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IBM can make landmark racetrack memory with everyday tools

updated 09:50 pm EST, Mon December 5, 2011

IBM racetrack memory made with common tech

IBM at the International Electronic Devices Meeting on Monday showed a working prototype of its racetrack memory made using conventional semiconductor tools. The 100 times more dense memory used to require a special research manufacturing machine but can now be made in a fully integrated way that should be much cheaper. IBM found it could put a nickel-iron layer on to a silicon wafer and etch out the 20-nanometer thick nanowires that define the memory.

The current prototype is rudimentary and has so far only proven that it can move one bit per wire at a time, since each wire only has one of the magnetic stripes used to store memory. IBM's inventor, Stuart Parkin, noted it was theoretical for now and that a new material could allow for layering multiple stripes on one wire. It could switch from 'soft' material that could be easily magnetized to a 'hard' material that would both have the tolerances to have multiple stripes coexist but could help keep the size down and reduce the precision needed to make each chip.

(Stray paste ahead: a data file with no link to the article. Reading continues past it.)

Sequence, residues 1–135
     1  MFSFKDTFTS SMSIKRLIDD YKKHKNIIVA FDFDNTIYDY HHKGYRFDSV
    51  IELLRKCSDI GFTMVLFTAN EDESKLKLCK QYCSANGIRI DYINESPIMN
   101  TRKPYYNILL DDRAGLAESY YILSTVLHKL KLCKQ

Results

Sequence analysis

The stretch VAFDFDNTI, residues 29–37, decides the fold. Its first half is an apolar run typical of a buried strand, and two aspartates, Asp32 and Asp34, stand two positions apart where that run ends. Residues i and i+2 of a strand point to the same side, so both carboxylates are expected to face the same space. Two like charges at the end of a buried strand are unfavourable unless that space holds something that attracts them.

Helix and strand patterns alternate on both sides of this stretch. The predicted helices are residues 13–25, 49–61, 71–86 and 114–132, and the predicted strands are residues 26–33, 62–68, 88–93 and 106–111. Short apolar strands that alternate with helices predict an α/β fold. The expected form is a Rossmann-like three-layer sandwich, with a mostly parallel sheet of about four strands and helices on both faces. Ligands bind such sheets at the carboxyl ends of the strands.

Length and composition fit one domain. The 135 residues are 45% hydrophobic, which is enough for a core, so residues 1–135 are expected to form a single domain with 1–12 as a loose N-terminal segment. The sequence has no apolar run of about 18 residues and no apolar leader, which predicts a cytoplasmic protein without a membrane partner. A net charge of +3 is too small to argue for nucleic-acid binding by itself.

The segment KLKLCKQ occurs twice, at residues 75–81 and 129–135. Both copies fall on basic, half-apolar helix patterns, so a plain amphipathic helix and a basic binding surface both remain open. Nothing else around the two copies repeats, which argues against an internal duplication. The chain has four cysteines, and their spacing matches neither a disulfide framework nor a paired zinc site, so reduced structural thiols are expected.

IBM may still be years away from commercializing racetrack memory. If implemented, however, it could lead to dramatically increased capacity versus traditional storage. [via MIT Technology Review]



By Electronista Staff
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